By Ted Yocum
“If we could turn the benefits of exercise into a pill, it would be demanded by patients and subsidized by government – it would be seen as a major breakthrough in cancer treatment.”
So says Professor Prue Cormic, chair of the Clinical Oncology Society of Australia, who helped formulate a position paper based on data gathered worldwide from 20 health organizations as quoted in the Arizona Republic.
There is overwhelming evidence that exercise for cancer patients contributes to longer life and less recurrence. What does exercise do for cancer patients?
- Lowers the risk of heart disease. It can help overcome the stress of chemotherapy and radiation on the cardiovascular system.
- Lessens the risk of osteoporosis and diabetes.
- Improves your mood—lowers the risk of being anxious and depressed.
- Helps with fatigue and tiredness.
- Lessens nausea.
- Contributes to higher self-esteem and helps improve your ability to keep social contacts.
- Greater bone and muscle strength, less weight gain, leaner body mass.
- Stress reduction. To quote the National Cancer Institute, “Evidence from experimental studies does suggest that psychological stress can affect a tumor’s ability to grow and spread.”
The list goes on.
The Maricopa Multi Cultural Consortium (MMCC) will present another educational program for seniors and their families Oct. 25, 2-4 p.m., at the Maricopa Police Department Community Conference Room (adjacent to Copper Sky). The topic will be “Benefits, Entitlements and Advocacy for Senior Citizens,” presented by Jane Jones and Jean Carr, benefit specialists from the Pinal-Gila Council for Senior citizens (PGCSC), a part of the State Region V Area Agency on Aging. Al Brandenburg, 315-427-5507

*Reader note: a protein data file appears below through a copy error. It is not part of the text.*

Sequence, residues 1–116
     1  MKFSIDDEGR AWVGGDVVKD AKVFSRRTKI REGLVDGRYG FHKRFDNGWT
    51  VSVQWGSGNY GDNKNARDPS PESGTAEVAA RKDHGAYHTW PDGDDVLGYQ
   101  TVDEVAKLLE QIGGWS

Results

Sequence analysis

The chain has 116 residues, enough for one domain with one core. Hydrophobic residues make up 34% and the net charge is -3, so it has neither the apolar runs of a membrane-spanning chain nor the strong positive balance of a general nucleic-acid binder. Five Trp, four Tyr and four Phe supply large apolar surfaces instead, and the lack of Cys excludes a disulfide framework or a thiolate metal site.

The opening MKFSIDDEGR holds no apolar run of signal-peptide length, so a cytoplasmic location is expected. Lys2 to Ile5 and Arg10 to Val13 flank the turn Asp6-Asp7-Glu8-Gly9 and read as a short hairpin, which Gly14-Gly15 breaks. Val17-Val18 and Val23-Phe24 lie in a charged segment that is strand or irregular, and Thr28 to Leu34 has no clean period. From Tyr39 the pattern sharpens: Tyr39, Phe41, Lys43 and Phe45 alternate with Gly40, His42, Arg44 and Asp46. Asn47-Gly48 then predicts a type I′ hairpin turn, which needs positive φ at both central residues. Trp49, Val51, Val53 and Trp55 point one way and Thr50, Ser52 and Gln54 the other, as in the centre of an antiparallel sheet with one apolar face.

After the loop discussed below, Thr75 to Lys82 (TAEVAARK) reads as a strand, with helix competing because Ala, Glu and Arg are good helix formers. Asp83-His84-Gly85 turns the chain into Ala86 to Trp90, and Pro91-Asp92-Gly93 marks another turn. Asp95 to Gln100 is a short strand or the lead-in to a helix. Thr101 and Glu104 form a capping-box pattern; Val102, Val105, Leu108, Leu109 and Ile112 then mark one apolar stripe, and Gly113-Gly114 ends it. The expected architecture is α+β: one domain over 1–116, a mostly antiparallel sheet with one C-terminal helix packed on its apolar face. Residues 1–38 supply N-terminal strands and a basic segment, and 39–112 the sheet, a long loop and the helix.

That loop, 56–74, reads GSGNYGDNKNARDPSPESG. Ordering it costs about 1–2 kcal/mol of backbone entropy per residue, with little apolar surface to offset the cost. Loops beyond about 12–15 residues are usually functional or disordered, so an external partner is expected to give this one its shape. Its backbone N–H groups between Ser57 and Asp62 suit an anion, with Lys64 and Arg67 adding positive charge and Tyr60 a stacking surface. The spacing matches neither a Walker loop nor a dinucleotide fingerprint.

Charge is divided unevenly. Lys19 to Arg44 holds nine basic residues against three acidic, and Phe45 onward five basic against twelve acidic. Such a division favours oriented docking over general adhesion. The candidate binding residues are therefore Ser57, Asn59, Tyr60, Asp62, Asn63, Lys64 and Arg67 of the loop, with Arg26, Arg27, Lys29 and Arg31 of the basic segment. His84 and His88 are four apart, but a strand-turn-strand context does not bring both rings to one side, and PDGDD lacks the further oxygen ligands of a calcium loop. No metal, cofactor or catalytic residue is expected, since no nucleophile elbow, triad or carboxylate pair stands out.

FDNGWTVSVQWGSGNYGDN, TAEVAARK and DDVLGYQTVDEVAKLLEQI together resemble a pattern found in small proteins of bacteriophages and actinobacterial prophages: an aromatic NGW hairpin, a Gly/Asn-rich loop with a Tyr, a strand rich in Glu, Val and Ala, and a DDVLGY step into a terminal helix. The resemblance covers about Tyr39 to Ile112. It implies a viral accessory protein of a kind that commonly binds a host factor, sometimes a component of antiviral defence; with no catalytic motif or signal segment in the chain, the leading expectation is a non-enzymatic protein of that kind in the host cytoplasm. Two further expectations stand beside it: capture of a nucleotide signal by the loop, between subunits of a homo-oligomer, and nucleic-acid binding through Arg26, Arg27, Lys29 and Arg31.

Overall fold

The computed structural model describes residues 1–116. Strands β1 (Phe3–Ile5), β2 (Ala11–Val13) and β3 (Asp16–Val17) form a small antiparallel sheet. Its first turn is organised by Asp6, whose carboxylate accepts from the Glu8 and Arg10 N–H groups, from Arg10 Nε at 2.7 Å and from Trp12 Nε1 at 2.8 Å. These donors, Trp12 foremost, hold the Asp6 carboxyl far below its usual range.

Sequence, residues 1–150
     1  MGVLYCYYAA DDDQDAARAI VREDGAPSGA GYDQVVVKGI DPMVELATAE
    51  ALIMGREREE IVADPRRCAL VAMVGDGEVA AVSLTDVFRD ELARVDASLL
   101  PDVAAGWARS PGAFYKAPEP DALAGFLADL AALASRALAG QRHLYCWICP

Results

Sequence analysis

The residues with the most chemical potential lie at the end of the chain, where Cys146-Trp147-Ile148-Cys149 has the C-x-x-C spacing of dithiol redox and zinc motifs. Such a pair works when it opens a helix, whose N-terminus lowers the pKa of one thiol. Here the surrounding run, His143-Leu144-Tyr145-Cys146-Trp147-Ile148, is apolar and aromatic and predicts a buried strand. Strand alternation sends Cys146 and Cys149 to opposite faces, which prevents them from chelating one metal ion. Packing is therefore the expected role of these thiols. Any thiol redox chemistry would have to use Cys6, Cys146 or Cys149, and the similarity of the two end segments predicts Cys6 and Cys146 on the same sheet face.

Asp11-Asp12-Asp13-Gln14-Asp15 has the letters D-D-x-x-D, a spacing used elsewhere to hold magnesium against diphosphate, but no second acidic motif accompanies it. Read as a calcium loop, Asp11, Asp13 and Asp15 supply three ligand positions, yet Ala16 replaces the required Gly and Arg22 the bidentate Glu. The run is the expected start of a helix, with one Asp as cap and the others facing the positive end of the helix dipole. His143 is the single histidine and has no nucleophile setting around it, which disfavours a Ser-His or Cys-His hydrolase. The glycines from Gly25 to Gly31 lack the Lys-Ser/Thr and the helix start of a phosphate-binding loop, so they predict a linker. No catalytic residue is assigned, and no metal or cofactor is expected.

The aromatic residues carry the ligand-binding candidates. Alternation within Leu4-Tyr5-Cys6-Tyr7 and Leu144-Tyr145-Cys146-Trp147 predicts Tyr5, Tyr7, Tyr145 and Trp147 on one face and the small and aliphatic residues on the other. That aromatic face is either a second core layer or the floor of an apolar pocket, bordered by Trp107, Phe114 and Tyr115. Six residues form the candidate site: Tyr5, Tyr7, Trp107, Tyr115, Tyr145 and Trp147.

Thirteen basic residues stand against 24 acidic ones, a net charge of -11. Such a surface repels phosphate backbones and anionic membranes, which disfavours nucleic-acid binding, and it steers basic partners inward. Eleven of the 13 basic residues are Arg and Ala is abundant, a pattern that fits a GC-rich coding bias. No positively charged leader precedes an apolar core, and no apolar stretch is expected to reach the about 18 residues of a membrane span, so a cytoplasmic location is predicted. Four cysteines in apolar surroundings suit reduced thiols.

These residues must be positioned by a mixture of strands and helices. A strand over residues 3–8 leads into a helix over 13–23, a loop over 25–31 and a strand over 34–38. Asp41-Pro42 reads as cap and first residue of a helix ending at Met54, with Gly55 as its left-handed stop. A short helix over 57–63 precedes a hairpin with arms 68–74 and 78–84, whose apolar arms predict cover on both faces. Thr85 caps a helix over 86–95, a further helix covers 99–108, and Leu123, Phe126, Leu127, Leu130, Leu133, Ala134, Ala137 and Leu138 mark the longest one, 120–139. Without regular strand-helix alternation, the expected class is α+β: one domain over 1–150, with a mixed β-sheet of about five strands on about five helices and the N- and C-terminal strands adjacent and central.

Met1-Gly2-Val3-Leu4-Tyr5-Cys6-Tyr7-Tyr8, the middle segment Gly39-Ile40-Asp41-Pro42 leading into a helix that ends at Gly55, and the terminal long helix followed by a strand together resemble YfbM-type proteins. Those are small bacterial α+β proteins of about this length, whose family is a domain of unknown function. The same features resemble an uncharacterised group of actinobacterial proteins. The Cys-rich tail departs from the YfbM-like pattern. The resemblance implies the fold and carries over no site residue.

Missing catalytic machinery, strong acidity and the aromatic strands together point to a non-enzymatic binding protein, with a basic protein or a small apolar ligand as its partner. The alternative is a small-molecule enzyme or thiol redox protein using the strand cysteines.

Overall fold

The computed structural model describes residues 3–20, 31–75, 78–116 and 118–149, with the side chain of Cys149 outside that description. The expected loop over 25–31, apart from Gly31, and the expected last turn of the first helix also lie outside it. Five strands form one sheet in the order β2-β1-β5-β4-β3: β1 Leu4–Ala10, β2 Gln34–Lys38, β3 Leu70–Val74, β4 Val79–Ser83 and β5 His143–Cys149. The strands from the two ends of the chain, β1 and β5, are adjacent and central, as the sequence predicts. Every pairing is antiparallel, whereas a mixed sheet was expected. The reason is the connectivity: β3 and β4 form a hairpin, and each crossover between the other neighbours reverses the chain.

General factors that may affect your ability to exercise include the type and stage of your cancer, your treatment regimen, and your overall endurance, strength and fitness level.
Generally, The American Cancer Society recommends “at least 30 to 60 minutes of moderate or vigorous physical activity at least three times a week.” However, as with any exercise program, it is important to first consult with your oncologist, get a physical examination, then discuss what is right for you considering your own abilities, stamina, limitations, frequency. Also, cancer patients may be at slightly higher risk for heart problems, which should be discussed with your doctor(s).
Finally, even if the cancer is advanced, or has spread to other places and is not responding to treatment, it might still benefit from exercise at some level to improve quality of life. But, the situation can change quickly. It is essential to base physical activity on continued close contact with your doctor along with your ongoing and changing goals and abilities.
Ted Yocum is a member of the Maricopa Multi Cultural Consortium and the Copa Seniors.
This column appears in the October issue of InMaricopa.